Utah Supreme Court justices may well extend pro tem powers of court commissioners for up to a year and may well recommend that legislators replace most of the 12 commissioners with regular judges.
Ron Gibson, state court administrator, said the Judicial Council has no final recommendations on how to solve the problem of court commissioners - created when the Supreme Court ruled last month that commissioners couldn't issue final orders or decisions in misdemeanor cases. However, Gibson told a legislative committee Wednesday that he guesses that judges will recommend most of the commissioners be permanently replaced by regular judges.In 1991 lawmakers agreed to allow the judiciary to hire court commissioners, and later the Judicial Council gave the commissioners various powers - they hear many divorce cases, issuing final divorce decrees, and three commissioners hear misdemeanor traffic cases.
The high court ruled in a split decision that commissioners can't hear misdemeanor cases. The ruling threw the state court system into a tailspin for a week or so until the high court also made commissioners judges pro tem for six months and - after thousands of divorced Utahns flooded the courts with calls asking if they were really still divorced or not - issued an amended ruling saying past commissioner decrees were binding.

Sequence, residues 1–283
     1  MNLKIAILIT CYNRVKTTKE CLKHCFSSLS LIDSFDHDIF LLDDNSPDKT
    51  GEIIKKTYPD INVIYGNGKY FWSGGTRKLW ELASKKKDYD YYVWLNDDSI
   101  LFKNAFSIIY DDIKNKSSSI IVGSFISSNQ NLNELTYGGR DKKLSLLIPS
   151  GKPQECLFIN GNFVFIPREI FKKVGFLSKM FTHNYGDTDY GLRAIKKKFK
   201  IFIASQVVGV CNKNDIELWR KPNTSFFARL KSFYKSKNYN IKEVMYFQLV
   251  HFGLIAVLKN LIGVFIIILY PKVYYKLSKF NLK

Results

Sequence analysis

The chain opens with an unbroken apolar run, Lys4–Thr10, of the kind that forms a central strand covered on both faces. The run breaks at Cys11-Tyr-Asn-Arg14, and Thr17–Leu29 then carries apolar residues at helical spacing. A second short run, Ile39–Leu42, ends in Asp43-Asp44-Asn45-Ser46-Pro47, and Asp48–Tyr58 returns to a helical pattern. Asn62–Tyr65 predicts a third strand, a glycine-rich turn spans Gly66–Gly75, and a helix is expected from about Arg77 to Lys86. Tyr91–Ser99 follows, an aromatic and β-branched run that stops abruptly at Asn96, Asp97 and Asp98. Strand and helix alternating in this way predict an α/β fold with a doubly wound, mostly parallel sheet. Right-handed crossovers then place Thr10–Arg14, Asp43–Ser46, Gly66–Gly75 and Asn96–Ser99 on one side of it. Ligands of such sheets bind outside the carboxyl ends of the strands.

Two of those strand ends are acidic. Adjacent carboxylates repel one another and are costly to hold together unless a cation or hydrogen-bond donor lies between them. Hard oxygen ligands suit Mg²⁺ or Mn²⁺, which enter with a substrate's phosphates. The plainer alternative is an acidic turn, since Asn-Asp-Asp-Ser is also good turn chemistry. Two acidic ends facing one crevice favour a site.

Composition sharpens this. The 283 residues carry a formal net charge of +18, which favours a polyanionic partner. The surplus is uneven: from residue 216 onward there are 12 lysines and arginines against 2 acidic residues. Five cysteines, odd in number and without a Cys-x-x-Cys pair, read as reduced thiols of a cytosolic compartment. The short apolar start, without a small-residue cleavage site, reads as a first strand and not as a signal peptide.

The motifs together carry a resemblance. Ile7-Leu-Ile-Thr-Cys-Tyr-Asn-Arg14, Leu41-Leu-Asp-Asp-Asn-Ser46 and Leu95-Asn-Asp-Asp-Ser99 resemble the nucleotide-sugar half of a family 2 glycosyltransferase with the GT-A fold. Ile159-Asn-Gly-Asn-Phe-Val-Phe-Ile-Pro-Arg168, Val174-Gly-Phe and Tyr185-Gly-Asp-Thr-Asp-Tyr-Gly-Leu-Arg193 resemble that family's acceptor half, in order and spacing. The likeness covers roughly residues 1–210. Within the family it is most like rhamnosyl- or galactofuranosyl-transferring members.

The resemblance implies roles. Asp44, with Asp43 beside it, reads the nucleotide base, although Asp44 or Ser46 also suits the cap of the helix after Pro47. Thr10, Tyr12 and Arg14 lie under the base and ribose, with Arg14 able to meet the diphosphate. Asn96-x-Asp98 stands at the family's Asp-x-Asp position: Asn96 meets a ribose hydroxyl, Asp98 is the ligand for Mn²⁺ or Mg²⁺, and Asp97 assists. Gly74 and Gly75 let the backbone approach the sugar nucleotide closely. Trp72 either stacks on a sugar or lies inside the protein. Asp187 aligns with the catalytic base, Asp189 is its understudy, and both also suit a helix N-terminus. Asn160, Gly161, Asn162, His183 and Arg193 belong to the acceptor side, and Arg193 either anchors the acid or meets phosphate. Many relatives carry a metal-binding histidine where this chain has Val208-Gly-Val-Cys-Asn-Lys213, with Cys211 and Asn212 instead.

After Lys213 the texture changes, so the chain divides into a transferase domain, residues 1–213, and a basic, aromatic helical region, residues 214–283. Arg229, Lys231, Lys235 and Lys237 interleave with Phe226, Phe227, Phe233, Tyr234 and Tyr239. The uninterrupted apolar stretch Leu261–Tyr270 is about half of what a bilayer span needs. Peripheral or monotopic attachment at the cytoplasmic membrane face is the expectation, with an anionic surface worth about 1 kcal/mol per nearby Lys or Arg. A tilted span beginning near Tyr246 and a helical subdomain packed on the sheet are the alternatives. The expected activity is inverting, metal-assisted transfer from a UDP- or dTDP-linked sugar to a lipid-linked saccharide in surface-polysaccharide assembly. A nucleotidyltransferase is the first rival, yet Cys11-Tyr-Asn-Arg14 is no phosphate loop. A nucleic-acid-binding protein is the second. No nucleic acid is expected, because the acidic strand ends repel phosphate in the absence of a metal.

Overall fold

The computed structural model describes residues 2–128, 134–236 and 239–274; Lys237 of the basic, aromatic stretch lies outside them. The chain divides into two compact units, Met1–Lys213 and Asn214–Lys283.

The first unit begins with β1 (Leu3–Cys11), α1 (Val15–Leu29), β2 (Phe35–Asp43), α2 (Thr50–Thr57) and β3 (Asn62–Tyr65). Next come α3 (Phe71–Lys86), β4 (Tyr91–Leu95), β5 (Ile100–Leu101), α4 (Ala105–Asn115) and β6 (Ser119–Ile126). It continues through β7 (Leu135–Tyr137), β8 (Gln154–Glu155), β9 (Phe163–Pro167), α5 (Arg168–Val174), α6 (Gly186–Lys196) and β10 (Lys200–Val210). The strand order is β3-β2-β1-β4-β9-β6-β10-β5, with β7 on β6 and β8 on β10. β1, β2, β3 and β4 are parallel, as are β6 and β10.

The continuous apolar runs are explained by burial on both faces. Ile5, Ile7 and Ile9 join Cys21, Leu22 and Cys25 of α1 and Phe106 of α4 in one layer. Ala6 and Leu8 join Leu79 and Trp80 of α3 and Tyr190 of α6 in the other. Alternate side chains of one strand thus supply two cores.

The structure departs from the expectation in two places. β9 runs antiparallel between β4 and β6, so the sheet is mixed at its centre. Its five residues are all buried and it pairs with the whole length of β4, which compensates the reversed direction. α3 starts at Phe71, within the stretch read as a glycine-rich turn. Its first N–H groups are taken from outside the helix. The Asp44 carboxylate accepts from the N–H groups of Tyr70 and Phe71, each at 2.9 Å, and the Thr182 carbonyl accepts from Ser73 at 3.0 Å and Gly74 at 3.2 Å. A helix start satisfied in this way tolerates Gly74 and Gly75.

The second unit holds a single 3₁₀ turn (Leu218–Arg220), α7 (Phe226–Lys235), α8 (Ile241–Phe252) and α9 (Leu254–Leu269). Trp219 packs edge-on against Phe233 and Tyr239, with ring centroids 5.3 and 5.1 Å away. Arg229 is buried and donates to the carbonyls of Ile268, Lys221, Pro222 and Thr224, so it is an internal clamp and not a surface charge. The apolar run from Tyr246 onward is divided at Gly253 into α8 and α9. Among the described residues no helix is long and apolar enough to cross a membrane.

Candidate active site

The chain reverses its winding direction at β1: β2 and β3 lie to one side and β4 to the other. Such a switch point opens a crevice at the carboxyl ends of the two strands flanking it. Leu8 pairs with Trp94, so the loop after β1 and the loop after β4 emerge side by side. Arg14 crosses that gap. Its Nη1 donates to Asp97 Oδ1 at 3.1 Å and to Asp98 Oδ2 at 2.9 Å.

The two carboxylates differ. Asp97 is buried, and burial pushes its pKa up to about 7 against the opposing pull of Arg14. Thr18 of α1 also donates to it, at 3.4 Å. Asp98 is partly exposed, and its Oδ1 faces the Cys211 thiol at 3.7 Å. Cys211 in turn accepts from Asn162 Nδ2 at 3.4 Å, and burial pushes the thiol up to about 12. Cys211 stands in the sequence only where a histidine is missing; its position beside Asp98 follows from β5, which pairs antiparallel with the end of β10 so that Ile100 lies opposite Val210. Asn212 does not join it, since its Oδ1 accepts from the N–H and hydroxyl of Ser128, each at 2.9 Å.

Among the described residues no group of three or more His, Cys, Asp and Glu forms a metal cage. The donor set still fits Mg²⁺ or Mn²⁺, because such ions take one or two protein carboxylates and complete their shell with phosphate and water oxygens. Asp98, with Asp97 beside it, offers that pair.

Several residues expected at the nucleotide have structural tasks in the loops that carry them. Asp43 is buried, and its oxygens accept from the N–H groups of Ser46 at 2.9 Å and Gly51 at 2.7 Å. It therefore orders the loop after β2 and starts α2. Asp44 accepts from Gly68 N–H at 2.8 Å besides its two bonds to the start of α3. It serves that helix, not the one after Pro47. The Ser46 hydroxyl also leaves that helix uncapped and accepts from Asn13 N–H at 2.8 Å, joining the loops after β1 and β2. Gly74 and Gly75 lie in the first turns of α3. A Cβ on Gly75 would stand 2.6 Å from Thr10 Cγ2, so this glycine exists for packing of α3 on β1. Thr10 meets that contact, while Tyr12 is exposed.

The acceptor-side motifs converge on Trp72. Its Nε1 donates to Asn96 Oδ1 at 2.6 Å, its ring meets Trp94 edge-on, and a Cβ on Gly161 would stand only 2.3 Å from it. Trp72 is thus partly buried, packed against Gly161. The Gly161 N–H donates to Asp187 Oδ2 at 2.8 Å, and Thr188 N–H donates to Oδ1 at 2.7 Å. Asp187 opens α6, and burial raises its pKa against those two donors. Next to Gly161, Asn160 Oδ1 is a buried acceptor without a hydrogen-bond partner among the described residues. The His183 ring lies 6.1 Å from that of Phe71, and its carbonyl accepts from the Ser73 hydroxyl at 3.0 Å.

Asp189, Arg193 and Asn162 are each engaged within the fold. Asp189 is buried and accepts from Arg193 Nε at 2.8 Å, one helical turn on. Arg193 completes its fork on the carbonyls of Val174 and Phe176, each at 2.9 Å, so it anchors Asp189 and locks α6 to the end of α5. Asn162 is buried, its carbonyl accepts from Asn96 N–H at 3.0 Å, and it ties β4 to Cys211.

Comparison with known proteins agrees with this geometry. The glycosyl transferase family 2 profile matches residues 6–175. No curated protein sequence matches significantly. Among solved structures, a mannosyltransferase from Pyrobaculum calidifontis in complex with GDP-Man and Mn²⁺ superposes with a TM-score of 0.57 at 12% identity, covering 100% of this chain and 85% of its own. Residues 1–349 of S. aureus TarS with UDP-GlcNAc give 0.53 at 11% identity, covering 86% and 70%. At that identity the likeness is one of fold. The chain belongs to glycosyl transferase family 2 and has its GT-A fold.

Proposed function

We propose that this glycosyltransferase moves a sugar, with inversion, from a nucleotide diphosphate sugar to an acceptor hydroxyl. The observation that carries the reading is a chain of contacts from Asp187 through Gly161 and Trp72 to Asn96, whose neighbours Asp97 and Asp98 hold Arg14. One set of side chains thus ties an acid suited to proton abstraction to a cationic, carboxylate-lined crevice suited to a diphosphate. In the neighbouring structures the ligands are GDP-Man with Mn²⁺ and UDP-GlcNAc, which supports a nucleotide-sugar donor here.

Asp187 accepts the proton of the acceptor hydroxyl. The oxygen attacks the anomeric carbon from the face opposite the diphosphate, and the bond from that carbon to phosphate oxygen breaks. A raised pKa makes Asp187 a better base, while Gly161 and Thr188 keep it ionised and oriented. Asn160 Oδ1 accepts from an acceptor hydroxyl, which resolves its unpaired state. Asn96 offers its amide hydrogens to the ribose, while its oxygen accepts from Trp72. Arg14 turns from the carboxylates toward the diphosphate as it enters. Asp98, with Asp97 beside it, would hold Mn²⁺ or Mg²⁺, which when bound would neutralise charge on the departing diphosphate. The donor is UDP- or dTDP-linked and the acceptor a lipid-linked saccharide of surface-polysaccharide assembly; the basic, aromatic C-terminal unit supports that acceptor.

Now, says Gibson, justices are willing to extend the pro tem status for another six months, if that is needed. But ultimately, lawmakers will have to solve the problem, he said.
The Interim Judiciary Committee is considering what to do about commissioners no longer having the powers created in 1991.
In the cases of most of the commissioners, "it doesn't cost that much more" to just create a new judgeship and hire a judge - the support staff for a commissioner and a judge are the same and are already in place, said Gibson. It would cost an extra $11,500 a year to have a judge sit instead of a commissioner. Only the Legislature can create a judgeship.
"We in the Senate are very concerned about just hiring more commissioners and giving them pro tem powers," said Sen. Lyle Hillyard, R-Logan. Judges go through the judicial nominating process, are nominated by the governor and confirmed by the Senate. Commissioners are just hired by the Judicial Council. "In effect, we have judges hiring judges, and that is not a good policy," said Hillyard.